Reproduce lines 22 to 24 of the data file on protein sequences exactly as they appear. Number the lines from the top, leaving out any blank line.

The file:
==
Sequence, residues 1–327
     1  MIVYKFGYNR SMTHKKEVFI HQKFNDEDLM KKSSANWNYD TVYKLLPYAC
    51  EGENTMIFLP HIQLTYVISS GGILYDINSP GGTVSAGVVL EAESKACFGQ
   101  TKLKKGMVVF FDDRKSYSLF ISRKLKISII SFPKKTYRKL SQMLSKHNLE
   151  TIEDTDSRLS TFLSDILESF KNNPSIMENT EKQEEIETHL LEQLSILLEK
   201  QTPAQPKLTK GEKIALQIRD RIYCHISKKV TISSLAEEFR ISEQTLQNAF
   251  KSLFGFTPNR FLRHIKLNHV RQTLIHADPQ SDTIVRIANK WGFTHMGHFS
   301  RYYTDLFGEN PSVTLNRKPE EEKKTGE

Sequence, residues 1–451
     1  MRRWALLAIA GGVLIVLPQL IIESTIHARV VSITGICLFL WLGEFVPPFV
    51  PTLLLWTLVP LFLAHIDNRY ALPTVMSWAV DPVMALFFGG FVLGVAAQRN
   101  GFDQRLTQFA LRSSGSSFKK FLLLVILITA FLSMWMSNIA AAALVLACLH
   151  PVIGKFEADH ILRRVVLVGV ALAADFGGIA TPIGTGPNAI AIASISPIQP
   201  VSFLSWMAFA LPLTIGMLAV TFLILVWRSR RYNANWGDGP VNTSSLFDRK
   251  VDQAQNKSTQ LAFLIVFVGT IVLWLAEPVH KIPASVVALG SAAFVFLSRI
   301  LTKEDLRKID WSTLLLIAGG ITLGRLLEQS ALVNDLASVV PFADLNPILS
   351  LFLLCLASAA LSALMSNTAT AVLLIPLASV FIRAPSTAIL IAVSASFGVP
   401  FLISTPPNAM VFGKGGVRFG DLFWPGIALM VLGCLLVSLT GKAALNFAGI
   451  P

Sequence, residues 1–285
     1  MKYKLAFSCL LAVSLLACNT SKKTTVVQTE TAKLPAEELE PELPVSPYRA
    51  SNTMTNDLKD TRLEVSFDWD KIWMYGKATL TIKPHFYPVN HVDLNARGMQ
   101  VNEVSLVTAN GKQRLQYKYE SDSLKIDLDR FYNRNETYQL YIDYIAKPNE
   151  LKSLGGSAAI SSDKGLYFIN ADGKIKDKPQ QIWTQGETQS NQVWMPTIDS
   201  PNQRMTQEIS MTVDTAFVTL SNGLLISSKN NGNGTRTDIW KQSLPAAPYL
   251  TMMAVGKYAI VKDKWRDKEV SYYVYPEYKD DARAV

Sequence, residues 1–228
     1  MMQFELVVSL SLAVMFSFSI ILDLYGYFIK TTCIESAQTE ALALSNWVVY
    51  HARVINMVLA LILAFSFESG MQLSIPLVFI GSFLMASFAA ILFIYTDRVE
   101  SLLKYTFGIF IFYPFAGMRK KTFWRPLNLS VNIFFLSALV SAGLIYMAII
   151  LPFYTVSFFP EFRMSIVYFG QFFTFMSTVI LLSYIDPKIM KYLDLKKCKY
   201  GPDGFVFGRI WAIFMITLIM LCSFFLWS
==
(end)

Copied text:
    51  SNTMTNDLKD TRLEVSFDWD KIWMYGKATL TIKPHFYPVN HVDLNARGMQ
   101  VNEVSLVTAN GKQRLQYKYE SDSLKIDLDR FYNRNETYQL YIDYIAKPNE
   151  LKSLGGSAAI SSDKGLYFIN ADGKIKDKPQ QIWTQGETQS NQVWMPTIDS